What is Shadow AI
I’ve been hearing a lot about Shadow AI recently. It was a new term to me, so I was lucky to have the chance to speak with Dr. Arash Rahnama, Head of Applied AI at Modzy, more about it.
Dr. Arash describes Shadow AI as the distance between what the data scientist develops in the lab, and the actual product the company may need.
There's always a difference between what you test in your lab with your own data sets and scaling, and a product that you can actually use in larger-scale datasets and applications.
Like any other cybersecurity examples, these AI models are also vulnerable to attacks getting hacked or being misused.
How does this happen with Pre Trained Models in the training phase?
When you develop an AI model, it's usually designed to perform a specific task. You train AI on a training data set, then based on what it's coming across during training, that model learns to make predictions.
You then take that out and develop the final product, which is then run on your input data set during test time inference.
After you deploy your AI model, it is sometimes vulnerable to noise, but you can add engineered noise to the input and completely fool the predictions that the model was trained to make.
This is the field of adversarial AI.
Adversarial AI Attack
Is it possible for a bad actor to look at an AI model you've trained, developed, and deployed and figure out how to change those inputs?
Arash explained that the model doesn’t perform as it's designed to during inference or deployment without the user noticing.
That's the tricky part.
These changes are so small and easy to make (and so hard to detect) that it becomes quite problematic for many different applications because you think your AI model is working, but it really isn’t…and it may take you some time to notice that.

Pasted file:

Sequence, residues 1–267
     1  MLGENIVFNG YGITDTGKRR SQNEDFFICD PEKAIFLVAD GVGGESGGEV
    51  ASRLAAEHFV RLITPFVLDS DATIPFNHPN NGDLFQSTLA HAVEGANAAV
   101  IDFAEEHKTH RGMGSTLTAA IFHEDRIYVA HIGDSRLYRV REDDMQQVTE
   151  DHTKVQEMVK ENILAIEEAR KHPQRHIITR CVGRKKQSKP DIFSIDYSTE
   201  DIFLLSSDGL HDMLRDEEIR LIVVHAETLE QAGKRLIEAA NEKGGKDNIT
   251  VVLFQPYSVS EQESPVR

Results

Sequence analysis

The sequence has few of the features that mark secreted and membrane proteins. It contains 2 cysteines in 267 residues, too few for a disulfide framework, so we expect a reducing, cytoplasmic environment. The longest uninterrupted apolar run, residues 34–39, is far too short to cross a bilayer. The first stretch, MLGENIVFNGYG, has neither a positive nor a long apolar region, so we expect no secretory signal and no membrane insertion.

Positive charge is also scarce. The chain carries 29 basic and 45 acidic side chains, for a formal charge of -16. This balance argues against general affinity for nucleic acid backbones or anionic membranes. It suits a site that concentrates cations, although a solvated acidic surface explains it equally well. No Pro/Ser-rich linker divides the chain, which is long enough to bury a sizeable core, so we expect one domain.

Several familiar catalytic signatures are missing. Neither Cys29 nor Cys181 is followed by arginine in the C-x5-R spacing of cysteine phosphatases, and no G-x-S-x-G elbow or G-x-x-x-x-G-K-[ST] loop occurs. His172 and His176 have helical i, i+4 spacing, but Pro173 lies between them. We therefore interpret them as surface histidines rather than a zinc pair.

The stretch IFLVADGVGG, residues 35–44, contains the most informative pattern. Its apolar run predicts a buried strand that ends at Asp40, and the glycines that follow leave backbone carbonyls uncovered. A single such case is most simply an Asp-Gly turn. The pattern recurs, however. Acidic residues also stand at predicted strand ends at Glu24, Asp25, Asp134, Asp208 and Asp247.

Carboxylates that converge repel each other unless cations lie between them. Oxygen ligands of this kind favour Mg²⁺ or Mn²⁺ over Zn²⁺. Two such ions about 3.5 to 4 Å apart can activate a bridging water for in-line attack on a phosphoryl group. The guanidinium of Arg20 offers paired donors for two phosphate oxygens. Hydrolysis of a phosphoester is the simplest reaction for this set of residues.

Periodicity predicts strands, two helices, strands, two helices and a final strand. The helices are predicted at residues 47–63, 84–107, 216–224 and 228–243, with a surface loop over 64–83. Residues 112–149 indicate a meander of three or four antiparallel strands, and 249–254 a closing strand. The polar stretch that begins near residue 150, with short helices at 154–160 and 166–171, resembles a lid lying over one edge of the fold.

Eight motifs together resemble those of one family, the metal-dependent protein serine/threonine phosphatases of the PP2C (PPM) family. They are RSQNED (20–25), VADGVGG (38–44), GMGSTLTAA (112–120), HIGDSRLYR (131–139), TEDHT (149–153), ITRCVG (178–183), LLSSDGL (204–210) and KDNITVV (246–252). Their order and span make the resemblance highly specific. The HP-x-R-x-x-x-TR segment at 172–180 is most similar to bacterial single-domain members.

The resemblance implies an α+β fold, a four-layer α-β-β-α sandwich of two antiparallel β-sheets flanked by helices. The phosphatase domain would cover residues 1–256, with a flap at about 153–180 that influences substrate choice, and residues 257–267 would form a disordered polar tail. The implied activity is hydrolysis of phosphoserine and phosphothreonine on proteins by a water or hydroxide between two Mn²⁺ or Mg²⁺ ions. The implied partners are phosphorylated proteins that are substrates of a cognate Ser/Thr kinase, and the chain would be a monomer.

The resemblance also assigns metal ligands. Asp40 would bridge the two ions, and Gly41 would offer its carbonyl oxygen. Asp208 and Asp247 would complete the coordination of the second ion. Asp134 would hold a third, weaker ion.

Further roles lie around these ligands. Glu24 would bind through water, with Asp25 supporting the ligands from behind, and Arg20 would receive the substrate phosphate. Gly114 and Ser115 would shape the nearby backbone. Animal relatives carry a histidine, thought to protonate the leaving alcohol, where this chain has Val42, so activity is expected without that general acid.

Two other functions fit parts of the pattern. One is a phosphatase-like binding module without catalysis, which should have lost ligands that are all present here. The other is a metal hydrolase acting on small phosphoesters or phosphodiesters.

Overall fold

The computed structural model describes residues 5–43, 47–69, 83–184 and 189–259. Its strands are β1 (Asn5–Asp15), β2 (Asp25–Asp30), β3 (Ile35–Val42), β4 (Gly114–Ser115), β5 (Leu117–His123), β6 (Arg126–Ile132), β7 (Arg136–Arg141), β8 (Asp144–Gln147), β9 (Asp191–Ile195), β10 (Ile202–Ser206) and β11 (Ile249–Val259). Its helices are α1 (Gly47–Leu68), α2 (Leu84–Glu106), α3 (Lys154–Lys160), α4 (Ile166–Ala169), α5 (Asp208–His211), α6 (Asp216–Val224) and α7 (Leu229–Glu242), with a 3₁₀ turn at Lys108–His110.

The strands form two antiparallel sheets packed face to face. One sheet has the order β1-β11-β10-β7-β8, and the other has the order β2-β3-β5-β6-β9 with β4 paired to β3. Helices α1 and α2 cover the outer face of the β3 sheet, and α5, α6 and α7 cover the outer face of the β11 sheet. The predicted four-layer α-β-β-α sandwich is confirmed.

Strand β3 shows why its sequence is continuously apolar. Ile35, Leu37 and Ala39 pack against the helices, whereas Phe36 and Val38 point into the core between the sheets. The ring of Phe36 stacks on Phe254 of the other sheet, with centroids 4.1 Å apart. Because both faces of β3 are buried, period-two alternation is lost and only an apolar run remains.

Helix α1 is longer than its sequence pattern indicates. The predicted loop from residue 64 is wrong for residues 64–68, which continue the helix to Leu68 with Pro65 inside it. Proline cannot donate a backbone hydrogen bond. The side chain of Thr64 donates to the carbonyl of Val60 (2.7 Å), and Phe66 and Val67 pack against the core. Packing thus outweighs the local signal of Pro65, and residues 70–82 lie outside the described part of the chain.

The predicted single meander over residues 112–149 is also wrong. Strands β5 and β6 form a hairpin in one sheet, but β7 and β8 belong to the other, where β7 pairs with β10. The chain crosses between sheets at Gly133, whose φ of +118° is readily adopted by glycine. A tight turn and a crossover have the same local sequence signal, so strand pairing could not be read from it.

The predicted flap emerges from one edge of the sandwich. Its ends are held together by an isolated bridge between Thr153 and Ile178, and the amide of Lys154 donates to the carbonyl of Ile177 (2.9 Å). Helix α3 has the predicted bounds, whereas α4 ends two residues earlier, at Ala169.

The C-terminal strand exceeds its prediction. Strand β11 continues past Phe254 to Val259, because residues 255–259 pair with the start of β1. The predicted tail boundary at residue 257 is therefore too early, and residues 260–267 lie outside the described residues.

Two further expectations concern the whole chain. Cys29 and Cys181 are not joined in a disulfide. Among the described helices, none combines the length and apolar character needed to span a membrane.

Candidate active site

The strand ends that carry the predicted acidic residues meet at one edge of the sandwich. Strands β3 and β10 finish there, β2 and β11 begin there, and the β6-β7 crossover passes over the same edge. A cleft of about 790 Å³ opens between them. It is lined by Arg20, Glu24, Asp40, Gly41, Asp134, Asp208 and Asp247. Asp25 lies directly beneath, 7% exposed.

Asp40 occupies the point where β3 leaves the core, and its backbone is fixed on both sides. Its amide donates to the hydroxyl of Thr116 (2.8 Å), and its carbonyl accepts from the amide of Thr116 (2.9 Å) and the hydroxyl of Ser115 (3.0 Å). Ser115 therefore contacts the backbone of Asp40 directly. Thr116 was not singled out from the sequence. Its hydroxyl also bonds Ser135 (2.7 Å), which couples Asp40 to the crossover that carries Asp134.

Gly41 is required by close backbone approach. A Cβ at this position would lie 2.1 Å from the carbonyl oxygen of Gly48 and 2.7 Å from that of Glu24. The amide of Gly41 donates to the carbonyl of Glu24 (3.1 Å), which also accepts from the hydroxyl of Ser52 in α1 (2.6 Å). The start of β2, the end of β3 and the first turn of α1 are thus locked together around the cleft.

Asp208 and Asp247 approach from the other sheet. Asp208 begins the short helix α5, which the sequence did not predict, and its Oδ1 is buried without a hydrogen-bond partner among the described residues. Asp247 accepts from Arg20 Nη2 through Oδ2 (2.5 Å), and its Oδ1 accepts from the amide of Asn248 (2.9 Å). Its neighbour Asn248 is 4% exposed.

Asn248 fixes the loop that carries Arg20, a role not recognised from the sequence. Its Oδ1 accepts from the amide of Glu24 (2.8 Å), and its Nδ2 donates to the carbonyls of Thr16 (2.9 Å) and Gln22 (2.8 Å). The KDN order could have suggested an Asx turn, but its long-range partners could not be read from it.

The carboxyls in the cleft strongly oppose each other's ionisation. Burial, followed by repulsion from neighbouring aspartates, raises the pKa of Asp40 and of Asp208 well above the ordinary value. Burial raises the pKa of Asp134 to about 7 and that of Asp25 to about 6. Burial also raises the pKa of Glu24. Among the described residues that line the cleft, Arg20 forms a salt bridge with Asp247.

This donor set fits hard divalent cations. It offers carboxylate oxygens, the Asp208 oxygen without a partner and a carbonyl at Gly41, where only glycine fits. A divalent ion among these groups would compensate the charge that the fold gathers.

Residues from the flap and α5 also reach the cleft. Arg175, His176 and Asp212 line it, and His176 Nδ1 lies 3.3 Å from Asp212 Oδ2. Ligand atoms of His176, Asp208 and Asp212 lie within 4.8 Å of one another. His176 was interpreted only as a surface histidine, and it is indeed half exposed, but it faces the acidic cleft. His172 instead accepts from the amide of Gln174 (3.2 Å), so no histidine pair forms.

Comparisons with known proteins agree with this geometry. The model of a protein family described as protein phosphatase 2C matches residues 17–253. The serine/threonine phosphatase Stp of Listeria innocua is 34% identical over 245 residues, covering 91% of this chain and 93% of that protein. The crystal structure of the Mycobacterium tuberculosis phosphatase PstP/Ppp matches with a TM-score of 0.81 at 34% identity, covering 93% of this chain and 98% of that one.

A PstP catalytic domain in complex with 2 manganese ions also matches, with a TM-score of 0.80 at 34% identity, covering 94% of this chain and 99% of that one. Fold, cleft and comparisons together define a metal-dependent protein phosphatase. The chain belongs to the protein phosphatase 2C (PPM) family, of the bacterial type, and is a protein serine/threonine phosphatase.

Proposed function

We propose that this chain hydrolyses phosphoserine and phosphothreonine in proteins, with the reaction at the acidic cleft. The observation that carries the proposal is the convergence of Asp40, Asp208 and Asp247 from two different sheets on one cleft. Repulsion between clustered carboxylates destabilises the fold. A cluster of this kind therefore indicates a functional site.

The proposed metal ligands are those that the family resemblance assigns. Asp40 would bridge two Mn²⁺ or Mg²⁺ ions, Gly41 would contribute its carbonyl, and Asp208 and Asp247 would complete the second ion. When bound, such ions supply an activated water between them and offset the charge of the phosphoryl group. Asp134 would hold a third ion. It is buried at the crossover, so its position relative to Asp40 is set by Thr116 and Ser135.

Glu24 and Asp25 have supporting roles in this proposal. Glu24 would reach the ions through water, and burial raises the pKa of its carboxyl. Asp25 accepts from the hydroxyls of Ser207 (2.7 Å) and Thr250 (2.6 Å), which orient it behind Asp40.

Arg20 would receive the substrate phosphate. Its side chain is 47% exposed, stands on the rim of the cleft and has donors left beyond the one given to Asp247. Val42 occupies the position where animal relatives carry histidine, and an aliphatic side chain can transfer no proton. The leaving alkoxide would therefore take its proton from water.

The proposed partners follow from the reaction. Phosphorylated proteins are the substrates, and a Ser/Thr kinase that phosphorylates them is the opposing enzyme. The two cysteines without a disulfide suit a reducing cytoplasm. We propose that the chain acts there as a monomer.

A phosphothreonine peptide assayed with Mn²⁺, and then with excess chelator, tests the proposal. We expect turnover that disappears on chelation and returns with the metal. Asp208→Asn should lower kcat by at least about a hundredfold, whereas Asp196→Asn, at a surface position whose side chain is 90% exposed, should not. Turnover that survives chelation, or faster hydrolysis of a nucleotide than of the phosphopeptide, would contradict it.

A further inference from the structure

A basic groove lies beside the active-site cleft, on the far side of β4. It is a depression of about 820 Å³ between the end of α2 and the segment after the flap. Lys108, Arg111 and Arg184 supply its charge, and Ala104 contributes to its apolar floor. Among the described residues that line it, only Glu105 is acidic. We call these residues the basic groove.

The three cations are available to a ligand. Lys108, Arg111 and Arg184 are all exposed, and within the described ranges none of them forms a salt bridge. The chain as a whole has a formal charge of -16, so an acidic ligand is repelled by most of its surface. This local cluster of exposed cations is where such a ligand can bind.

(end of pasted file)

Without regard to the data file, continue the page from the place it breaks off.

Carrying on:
So, you are relying on these predictions. You are listening to an AI model, but what you’re looking at in terms of the information you're getting back is if it’s compromised.
This type of attack is referred to as data poisoning.
What is AI Data Poisoning?
Gartner said that in 2022, 30% of all AI cyber-attacks will leverage training data poisoning.
So, what is AI data poisoning?
Data poisoning is one of the subfields of adversarial machine learning.
What we mean by data poisoning is when at the very beginning, when a data scientist begins to train his or her models on the training data sets, those training data sets are compromised by the adversary.
Data poisoning happens in the lab when you are training models and training data sets that you trust, but may in fact have been compromised or poisoned by the adversary.
And what happens there is that you train your final model on that poisoned data set so everything seems to be normal.
You get the performance indices and predictions you expect on the test data set.
As a data scientist, you wouldn’t notice that something may be wrong with your data set.
But once you deploy your package, the model is compromised in the sense that it may underperform and specific cases that the adversary was interested in when they presented your data set.
So it’s still performing well 80% of the time.
But for that 20% and those specific cases, the model underperforms and again, it becomes tough to detect because it's so hidden under the processes that model is producing.
Why should testers worry about this?
As a tester, you might wonder why you should care about this?
Well, there are many adversarial examples that you should be aware of.
For example autonomous cars.
When it comes to autonomous cars, it's possible to hack these image classification models, placed on many different autonomous vehicles or driverless cars where they detect traffic signs, for example.
If I'm a bad actor and I want to cause an accident, it would be effortless to hack that image classification model, which is obviously my objective. I’m looking to compromise the security of the driver.